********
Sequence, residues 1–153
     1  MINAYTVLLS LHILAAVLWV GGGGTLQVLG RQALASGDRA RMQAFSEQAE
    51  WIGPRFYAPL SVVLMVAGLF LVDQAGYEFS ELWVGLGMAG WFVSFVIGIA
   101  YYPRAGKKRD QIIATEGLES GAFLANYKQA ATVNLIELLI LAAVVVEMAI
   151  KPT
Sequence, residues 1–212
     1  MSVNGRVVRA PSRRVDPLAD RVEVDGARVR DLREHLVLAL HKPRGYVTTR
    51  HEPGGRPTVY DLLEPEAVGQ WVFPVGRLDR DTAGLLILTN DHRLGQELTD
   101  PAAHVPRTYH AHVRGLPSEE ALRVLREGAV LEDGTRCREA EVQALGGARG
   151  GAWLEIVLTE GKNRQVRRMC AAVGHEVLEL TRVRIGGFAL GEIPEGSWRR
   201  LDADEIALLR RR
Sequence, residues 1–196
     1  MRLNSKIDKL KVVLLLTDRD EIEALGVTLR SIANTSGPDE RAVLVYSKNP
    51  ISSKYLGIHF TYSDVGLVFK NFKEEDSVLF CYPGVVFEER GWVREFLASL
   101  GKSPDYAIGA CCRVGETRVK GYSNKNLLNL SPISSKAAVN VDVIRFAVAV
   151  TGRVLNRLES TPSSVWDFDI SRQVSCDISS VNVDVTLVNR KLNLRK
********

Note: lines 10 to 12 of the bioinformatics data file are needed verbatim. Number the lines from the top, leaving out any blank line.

   151  GAWLEIVLTE GKNRQVRRMC AAVGHEVLEL TRVRIGGFAL GEIPEGSWRR
   201  LDADEIALLR RR
Sequence, residues 1–196